Environmental and Genetic Contribution to Hypertension Prevalence: Data from an Epidemiological Survey on Sardinian Genetic Isolates

Ginevra Biino, Gianfranco Parati, Maria Pina Concas, Mauro Adamo, Andrea Angius, Simona Vaccargiu, Mario Pirastu

Research output: Contribution to journalArticle

Abstract

Background and Objectives: Hypertension represents a major cause of cardiovascular morbidity and mortality worldwide but its prevalence has been shown to vary in different countries. The reasons for such differences are still matter of debate, the relative contributions given by environmental and genetic factors being still poorly defined. We estimated the current prevalence, distribution and determinants of hypertension in isolated Sardinian populations and also investigated the environmental and genetic contribution to hypertension prevalence taking advantage of the characteristics of such populations. Methods and Results: An epidemiological survey with cross-sectional design was carried out measuring blood pressure in 9845 inhabitants of 10 villages of Ogliastra region between 2002 and 2008. Regression analysis for assessing blood pressure determinants and variance component models for estimating heritability were performed. Overall 38.8% of this population had hypertension, its prevalence varying significantly by age, sex and among villages taking into account age and sex structure of their population. About 50% of hypertensives had prior cardiovascular disease. High blood pressure was independently associated with age, obesity related factors, heart rate, total cholesterol, alcohol consumption, low education and smoking status, all these factors contributing more in women than in men. Heritability was 27% for diastolic and 36% for systolic blood pressure, its contribution being significantly higher in men (57%) than in women (46%). Finally, the genetic correlation between systolic and diastolic blood pressure was 0.74, indicating incomplete pleiotropy. Conclusion: Genetic factors involved in the expression of blood pressure traits account for about 30% of the phenotypic variance, but seem to play a larger role in men; comorbidities and environmental factors remain of predominant importance, but seem to contribute much more in women.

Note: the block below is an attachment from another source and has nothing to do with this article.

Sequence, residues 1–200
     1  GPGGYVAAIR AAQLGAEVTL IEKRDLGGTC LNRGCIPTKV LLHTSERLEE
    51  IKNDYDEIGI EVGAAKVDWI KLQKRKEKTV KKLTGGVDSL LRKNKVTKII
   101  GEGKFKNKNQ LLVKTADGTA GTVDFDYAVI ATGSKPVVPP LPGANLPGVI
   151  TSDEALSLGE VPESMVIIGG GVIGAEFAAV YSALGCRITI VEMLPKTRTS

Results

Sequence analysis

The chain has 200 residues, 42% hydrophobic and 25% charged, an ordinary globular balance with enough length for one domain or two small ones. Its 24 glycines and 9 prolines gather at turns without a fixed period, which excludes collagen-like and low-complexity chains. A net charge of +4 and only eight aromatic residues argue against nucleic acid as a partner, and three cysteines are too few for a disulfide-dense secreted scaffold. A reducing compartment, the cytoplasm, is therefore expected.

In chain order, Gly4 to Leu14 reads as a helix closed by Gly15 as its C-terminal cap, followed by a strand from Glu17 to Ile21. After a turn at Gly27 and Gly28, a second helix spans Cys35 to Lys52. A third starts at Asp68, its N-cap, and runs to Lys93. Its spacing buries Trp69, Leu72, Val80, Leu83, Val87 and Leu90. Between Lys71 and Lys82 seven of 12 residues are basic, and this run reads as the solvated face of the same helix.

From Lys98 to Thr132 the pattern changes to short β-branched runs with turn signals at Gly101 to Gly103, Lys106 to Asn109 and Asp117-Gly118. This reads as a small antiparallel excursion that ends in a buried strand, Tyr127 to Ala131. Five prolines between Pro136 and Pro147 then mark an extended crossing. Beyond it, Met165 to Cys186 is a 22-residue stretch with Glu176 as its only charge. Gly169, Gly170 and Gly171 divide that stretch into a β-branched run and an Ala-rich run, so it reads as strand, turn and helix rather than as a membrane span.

Original languageEnglish
Article numbere59612
JournalPLoS One
Volume8
Issue number3
DOIs
Publication statusPublished - Mar 20 2013

ASJC Scopus subject areas

  • Agricultural and Biological Sciences(all)
  • Biochemistry, Genetics and Molecular Biology(all)
  • Medicine(all)

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